Don, others seek global best practices in urban regeneration
A lecturer at the University of Lagos, Dr. Basirat Oyalowo, has identified participative co-production as the key to successful urban regeneration in the country.
Oyalowo, who is the Research Manager at the Centre for Housing Studies, stated this while speaking at the fourth edition of Lafarge Africa’s public policy thought-leadership series, Concrete Ideas, held on the November 30, 2021 and titled “PPPS in Urban Regeneration: Global Best Practices, Nigerian Opportunities.”
“Co-production is about ensuring that the urban regeneration project no matter the scale is co-produced by the people it is meant to serve – the end-users as well are partners on the project,’’ she said.
According to her, the people living in communities that are to be regenerated must not be invited after the project has been completed. ‘They should be part of the planning- it is only then that you can be sure that they will use what you build for them.’ Regeneration projects succeed when everyone recognises that the people living in the communities that are being regenerated are key stakeholders,” Oyalowo said.
This, she said, has the potential of reconciling the needs and rights of the people living in these settlements before the rebuilding and remodeling exercise.
Oyalowo further explained that one of the ways to do this is through asset mapping. According to her, an asset mapping exercise should be conducted that establishes the number of existing residents and the assets owned by everyone. “This exercise will reveal what they are lacking and the amenities they need to be able to live, work and play in that neighbourhood.”
In his remarks, the Minister of Works and Housing, Babatunde Raji Fashola, who led renowned stakeholders in the discussions, said that acute housing deficit all over the world is mainly an urban phenomenon and that historically, cities all over the world have partnered with private investors to transform slums, boost the stock of housing and provide economic opportunities to urban dwellers.
Fashola said: “Our government is committed to exploring tested strategies to alleviate Nigeria’s housing challenges.”
The Chairman of Lafarge Africa Plc, Prince Adebode Adefioye, said: “Urban degeneration is a global challenge that can be solved through urban regeneration projects resulting in the advancement of socio-economic and technological development of economies including the creation of more efficient transportation systems, sustainable livelihoods, employment generation, foreign investment, healthier citizens.”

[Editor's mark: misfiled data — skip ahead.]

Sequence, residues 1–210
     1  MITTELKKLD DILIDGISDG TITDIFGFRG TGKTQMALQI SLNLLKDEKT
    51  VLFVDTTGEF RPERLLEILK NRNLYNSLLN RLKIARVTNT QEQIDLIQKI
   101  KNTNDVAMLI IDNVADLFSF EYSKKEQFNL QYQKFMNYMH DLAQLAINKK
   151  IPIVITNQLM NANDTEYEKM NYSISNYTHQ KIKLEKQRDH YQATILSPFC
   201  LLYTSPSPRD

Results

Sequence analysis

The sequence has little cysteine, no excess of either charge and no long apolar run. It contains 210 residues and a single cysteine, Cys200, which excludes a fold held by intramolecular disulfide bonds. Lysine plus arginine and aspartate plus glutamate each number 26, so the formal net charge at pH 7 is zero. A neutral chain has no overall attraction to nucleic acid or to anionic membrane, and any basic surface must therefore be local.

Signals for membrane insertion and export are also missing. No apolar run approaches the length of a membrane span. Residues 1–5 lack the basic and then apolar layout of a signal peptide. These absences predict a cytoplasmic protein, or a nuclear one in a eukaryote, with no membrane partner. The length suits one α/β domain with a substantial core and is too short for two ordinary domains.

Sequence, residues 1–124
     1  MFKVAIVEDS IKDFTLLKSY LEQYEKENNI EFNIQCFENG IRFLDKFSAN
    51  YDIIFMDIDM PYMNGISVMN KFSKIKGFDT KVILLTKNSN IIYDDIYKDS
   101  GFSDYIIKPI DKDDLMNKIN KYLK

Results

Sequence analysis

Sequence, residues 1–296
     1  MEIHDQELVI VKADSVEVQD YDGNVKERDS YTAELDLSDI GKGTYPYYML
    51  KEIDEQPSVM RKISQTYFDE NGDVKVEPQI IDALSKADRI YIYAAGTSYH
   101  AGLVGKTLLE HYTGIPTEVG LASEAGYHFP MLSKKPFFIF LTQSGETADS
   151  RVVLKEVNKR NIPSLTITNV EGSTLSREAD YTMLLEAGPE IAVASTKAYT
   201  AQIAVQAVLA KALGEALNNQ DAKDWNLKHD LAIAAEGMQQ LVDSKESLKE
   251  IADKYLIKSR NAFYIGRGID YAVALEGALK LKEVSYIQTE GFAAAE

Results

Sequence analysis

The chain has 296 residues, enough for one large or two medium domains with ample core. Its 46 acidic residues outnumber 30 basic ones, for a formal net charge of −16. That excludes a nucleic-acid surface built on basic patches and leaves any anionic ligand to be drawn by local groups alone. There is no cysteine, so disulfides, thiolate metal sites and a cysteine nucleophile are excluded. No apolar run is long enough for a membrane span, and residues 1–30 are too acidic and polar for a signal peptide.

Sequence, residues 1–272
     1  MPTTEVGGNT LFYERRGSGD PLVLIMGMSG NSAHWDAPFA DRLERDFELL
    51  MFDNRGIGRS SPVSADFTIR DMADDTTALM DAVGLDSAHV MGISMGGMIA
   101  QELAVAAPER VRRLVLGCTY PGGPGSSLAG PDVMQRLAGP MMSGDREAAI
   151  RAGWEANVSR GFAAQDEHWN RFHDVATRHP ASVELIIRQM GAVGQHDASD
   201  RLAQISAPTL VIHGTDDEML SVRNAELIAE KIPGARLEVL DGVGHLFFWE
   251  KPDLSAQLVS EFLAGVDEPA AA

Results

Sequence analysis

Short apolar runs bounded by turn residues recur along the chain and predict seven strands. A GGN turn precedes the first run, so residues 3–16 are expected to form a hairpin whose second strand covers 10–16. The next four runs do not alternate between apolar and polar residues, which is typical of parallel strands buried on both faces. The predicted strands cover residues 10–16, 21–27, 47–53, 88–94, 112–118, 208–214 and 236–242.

Adefioye expressed the belief that regeneration projects could “nurture vibrant hubs for the creative and digital economy”, thus enabling Nigeria to scale up the multimillion dollar investments the country’s technology sector is attracting.
The company’s Country Chief Executive Officer, Mr. Khaled El Dokani, expressed gratitude for the continuous support and engagement of thought leaders from the private and public sectors, to ensure continuous dialogue between the public and private sectors on real estate, infrastructure and construction.
“More than 80 per cent of global Gross Domestic product (GDP) is generated in cities. Making our cities more livable and more productive is thus one of the best strategies for growing our economies and improving the welfare of millions of our people,” El Dokani said.
He pointed out that the world’s greatest cities today were once marred by slums and urban regeneration projects have helped global cities attain their status.
The Country CEO of Lafarge explained that successful urban regeneration required an “integrated approach” and this is why Lafarge assembled architects, economists, finance professionals, lawyers, sociologists etc. to discuss the potential of urban regeneration in Nigeria and provide workable, action-oriented solutions.